A new Ammann asphalt plant in Australia

A new Ammann ABP 320 HRT plant is considered the most modern asphalt-mixing plant in Australia. This plant is helping the client to repurpose waste materials while lowering the carbon footprint of asphalt production.
Materials / April 10, 2023
A new Ammann plant is helping an Australian producer meet environmental targets
A new Ammann plant is helping an Australian producer meet environmental targets

“As the time comes to reduce the industry’s carbon footprint, this plant, and its related infrastructure, will help our customers achieve their environmental objectives,” said Dante Cremasco, head of Road Services at Downer.

The Ammann ABP 320 HRT (High Recycling Technology) Asphalt-Mixing Plant features the firm’s RAH100 drying drum and can make mix entirely from recycled materials. It has the capability to use up to 100% RAP and incorporate other waste materials – such as glass, recycled print cartridges, soft plastics, and packaging.

The market is changing to better address environmental impacts and higher levels of recycling are being accepted by end users. The Ammann plant has the flexibility to produce conventional asphalt but is also equipped to future challenges.

“It’s significantly advanced,” Cremasco said of the plant, which began full operation in Sydney in June 2022. According to Cremasco a key benefit of the plant is, “…its ability to incorporate numerous recycling components, while still being capable of producing standard virgin mixes.”

Able to supply 320tonnes/hour, the plant can satisfy high-volume customers. “It’s also flexible to service the smaller ex-bin customers at any time,” he said.

Downer opted for the plant to service the Sydney community as it can quickly change recipes. “With the batch plant, we can minimise waste and improve cycle times and most importantly, service more of our customers’ demands,” Cremasco said.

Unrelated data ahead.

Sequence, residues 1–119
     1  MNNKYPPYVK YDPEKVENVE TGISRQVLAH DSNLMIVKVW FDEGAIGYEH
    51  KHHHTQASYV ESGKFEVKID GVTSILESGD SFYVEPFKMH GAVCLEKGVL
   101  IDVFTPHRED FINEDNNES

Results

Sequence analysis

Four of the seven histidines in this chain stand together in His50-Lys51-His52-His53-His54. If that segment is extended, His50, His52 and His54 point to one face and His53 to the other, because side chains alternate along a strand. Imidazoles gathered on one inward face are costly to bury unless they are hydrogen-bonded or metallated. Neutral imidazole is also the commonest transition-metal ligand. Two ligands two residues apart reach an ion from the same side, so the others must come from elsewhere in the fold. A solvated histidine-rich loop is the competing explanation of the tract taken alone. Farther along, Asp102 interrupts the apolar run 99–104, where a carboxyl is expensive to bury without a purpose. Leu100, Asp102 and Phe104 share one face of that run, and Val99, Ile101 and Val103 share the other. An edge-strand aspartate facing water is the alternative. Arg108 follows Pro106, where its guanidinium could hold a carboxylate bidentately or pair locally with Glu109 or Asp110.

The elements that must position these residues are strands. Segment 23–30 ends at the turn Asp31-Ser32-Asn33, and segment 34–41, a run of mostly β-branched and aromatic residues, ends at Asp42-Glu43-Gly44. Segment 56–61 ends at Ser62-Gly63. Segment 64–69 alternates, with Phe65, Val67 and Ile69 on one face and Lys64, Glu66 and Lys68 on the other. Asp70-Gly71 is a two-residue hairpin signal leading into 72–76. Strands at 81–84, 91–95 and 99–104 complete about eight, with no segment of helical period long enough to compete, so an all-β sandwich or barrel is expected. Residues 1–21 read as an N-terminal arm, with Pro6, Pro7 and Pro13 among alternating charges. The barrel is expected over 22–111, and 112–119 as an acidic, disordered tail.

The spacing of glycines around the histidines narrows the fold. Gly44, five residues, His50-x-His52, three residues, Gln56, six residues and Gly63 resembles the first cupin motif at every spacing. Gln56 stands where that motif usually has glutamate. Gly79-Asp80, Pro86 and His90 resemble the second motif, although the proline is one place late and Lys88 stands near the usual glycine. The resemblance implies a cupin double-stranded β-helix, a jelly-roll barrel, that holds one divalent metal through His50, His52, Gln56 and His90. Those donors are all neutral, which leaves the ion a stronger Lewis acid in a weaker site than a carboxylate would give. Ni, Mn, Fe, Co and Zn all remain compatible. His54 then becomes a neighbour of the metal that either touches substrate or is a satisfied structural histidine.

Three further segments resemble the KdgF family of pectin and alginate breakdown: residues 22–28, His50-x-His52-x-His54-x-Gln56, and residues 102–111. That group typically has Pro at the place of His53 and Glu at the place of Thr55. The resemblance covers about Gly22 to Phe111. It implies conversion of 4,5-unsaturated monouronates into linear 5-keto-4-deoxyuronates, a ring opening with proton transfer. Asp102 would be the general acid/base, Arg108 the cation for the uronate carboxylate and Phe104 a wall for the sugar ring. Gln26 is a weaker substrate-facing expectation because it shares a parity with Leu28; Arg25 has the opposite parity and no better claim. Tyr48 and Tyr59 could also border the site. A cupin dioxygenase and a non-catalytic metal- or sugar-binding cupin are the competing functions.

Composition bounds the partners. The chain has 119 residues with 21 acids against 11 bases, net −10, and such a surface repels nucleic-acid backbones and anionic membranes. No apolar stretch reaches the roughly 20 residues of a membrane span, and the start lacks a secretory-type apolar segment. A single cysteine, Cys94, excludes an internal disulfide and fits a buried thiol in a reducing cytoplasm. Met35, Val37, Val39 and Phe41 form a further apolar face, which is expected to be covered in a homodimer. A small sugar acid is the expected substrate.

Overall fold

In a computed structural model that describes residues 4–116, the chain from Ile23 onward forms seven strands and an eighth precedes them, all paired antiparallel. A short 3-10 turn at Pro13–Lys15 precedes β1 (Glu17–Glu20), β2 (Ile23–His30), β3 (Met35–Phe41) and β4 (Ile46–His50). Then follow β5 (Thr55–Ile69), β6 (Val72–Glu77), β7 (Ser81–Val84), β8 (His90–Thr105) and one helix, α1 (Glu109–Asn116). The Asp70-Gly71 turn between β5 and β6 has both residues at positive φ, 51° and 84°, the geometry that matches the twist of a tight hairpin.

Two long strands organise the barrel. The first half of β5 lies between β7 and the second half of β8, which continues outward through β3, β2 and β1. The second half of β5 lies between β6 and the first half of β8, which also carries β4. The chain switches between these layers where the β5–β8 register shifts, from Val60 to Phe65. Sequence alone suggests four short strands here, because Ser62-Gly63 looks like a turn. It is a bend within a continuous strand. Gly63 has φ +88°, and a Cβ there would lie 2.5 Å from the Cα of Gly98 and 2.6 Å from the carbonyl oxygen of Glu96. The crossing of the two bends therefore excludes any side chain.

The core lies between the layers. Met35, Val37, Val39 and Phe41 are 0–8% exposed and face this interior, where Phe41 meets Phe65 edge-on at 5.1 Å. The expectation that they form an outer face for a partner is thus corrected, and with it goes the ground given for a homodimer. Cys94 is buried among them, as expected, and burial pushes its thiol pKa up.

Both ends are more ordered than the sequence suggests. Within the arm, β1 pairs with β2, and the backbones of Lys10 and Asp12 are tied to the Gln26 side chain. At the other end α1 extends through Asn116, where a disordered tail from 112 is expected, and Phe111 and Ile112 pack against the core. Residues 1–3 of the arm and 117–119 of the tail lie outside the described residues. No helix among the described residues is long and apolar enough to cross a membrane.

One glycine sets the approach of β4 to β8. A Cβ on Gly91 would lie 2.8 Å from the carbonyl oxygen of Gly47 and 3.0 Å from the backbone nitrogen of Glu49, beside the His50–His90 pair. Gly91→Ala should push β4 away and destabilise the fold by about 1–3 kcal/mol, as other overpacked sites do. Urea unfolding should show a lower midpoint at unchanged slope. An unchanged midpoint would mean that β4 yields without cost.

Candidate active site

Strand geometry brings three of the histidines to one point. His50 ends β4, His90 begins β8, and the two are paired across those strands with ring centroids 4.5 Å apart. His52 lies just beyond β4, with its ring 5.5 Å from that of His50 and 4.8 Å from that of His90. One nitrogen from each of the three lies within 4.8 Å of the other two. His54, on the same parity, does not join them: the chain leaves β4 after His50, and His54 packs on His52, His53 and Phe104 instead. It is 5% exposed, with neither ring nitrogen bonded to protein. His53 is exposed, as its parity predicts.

Downer commenced planning for a new plant about two years ago. The firm opted for an Ammann plant based on the success of the other Ammann plants it owns. This new plant allows Downer to leverage its years of experience in innovative asphalt products and enable it to efficiently meet the needs of its customers. “Previously, we had six hot asphalt silos, at 200tonnes each,” Cremasco said. “We now have a similar volume in 10 silos. That gives us more flexibility.”

The plant has five RAP feeders that provide the flexibility to supply the top drum or go directly to the mixer. Downer can include up to three different granular additive types in a mix and up to three liquid additives. The facility can vertically store 6,000tonnes of aggregate and 720m3 of bitumen.

The plant is also equipped with oversized silos for reclaimed and imported fillers. “We have about 500m3 of fillers available across three separate silos, so we’re sure to have the ability to bring the materials in,” Cremasco said. “The hot asphalt silos give us the flexibility to store the mix, so we can keep the plant flexible and efficiently change the mixes on the run.”

Six aggregate cold feed bins complement the bunker storage system to assist with any specialty mix production or serve as backup. The firm is well set up for the use of RAP. “Downer has constructed a highly advanced RAP processing plant immediately adjacent to the asphalt plant that can shred, fractionate and store the RAP so it’s ready for immediate introduction into the plant,” Cremasco said.

Australia has a goal of carbon neutrality by 2050, with incremental steps along the way. While some targets are voluntary, certain standards must be met in order to do business with the government. The Downer facility helps to reduce that footprint for customers. Currently, about 25% of mix produced in Australia has recycled content. “This plant allows us to significantly increase those percentages,” Cremasco said. “We’re hoping to progressively increase the recycle content to at least 60% in coming years.”

The plant emissions also easily meet Australia’s tough standards according to Cremasco. Downer continues to work on producing high-quality mixes at increasingly lower production temperatures. “More and more foaming will be the result. We’re reducing the temperature of products by a few degrees/year.”

The long-term goal is producing asphalt at ambient temperatures. “We’re doing lab trials on that and making progress,” he said. A team of scientists has been working on the ambient temperature project for some time.

“The team is really committed. We see the importance of removing heat, and hence energy, from what we do,” he added.

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